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Two JB Charleston K9s retire after years of being good boys

By Staff Sgt. Christian Sullivan | Joint Base Charleston Public Affairs | Nov. 26, 2019

JOINT BASE CHARLESTON, S.C. —

The playing of the colors, the reading of career accomplishments and being hand-fed a treat from your presiding officer. That’s the scene for a military working dog retirement ceremony which the 628th Security Forces Squadron held for K9s Elmo and Tze, Nov 22, 2019 at Joint Base Charleston, S.C.

 

Elmo served honorably for 10 years before retiring due to age and back problems while Tze’s career was cut a bit shorter at seven years due to back problems of his own. Both now live comfortably with their former handlers after serving their country honorably.

 

“They’ve both been on countless secret service missions protecting high ranking government officials,” said Staff Sgt. Timothy Merrigan, 628th SFS MWD handler and Tze’s former handler. “They’re just awesome dogs and I’m happy they get to go home.”

 

Both had years of honorable service and a couple of deployments under their belt. For example, Elmo made a significant discovery while deployed with an outside unit, saving countless lives thanks to his bomb-sniffing abilities.

 

“I wasn’t with him at the time, he was deployed with Army Special Forces,” said Staff Sgt. Jenings Casey, 628th SFS MWD training supervisor and Elmo’s former handler. “They were tracking a high value target and finally found where he was and there were traps around the hut where the target was making bombs and Elmo found the trap that ended up being about a 200-pound bomb. Had he not found it, the entire team would’ve died.”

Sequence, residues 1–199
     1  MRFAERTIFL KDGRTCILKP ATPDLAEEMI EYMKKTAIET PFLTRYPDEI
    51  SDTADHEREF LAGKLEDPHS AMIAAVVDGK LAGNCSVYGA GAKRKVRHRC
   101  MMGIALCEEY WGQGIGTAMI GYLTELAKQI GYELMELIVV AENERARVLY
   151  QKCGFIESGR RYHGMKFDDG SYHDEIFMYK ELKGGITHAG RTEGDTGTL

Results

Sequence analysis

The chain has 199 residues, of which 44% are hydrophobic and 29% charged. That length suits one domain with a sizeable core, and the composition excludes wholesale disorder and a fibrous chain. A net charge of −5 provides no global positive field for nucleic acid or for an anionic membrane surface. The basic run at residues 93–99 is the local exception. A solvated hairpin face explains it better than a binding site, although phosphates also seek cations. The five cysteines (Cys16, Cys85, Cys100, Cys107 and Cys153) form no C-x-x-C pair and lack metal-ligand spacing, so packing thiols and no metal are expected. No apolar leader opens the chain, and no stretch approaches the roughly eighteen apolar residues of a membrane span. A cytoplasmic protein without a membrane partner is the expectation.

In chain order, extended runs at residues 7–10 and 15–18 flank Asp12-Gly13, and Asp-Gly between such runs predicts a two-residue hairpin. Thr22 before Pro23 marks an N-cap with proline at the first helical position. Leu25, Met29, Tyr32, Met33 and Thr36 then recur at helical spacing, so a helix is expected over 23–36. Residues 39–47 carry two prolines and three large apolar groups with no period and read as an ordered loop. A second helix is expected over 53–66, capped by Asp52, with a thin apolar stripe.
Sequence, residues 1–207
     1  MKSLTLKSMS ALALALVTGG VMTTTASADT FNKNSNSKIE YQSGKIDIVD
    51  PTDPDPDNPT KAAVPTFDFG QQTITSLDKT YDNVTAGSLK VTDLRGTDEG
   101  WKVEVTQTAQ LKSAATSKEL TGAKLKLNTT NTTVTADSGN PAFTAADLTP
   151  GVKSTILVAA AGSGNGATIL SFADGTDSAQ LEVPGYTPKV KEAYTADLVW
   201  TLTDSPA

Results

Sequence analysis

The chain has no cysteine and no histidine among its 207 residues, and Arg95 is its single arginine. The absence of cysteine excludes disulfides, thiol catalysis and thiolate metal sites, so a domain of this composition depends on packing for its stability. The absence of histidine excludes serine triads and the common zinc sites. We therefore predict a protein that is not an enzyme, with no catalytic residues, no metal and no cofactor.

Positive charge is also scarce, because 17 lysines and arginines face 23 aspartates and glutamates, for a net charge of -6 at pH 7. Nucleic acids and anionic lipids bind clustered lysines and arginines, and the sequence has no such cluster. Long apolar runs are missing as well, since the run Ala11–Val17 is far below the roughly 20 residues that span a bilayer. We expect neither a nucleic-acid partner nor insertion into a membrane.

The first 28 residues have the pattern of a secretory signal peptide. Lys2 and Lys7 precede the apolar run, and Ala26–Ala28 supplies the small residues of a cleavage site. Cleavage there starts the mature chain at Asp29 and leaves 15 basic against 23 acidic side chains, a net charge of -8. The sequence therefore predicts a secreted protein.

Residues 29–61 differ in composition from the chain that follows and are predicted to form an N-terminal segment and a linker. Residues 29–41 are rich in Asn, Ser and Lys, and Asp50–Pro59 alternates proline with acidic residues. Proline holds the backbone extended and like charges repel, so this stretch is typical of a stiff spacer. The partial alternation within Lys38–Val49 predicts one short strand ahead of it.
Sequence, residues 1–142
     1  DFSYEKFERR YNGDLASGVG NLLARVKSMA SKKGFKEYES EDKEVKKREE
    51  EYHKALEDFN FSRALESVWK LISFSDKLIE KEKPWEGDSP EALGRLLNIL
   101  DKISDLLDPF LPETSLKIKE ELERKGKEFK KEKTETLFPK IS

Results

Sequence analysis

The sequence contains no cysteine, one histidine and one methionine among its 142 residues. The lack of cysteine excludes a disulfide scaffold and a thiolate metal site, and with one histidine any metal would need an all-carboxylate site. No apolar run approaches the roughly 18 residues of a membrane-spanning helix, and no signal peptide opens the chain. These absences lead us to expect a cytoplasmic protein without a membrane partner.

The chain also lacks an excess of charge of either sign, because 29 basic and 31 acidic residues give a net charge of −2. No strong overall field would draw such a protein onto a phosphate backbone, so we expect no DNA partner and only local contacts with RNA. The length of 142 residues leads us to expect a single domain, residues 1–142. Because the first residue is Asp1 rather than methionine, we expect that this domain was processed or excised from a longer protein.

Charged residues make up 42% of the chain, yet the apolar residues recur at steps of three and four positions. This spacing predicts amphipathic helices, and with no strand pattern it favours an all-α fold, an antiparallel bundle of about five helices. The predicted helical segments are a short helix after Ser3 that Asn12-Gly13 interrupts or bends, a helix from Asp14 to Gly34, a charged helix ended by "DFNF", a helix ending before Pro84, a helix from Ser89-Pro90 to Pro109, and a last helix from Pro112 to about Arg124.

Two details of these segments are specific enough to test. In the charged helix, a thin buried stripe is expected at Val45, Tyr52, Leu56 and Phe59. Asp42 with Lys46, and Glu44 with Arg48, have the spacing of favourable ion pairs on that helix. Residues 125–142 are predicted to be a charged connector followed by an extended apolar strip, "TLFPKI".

It wasn’t all work for the two K9s, however. Some of Casey and Merrigan’s fondest memories were more about time together bonding than working.

 

“It’s more of a funny story, last year we got tasked to go to West Palm Beach for a protection mission for President Trump,” said Merrigan. “We were down for two days when the government shut down but couldn’t come back because of the holidays. We pretty much got to be roommates for 13 days.”

 

“My favorite memory of Elmo is pretty much the same as Merrigan’s,” said Casey. “When we were in Kuwait we stayed in a trailer together for about three days at a time between missions and got to genuinely bond.”

 

Many retirements are often bittersweet for friends and coworkers of the retiree, however with handlers taking their dogs home after retirement, there’s more of a sweet taste than bitter, according to Merrigan.

 

“I wouldn’t say it’s hard at all, it’s probably more of a relief,” he said. “It’s nice to see them not have to work every day and be able to hang out on the couch or sleep instead.”

 

Although they’ve now been retired a couple of months before their official ceremony, the dogs are still getting used to their retired life.

 

“Elmo still tries to get in the car with me in the morning on the way to work,” said Casey. “But he’s a lot more comfortable now that he’s retired.”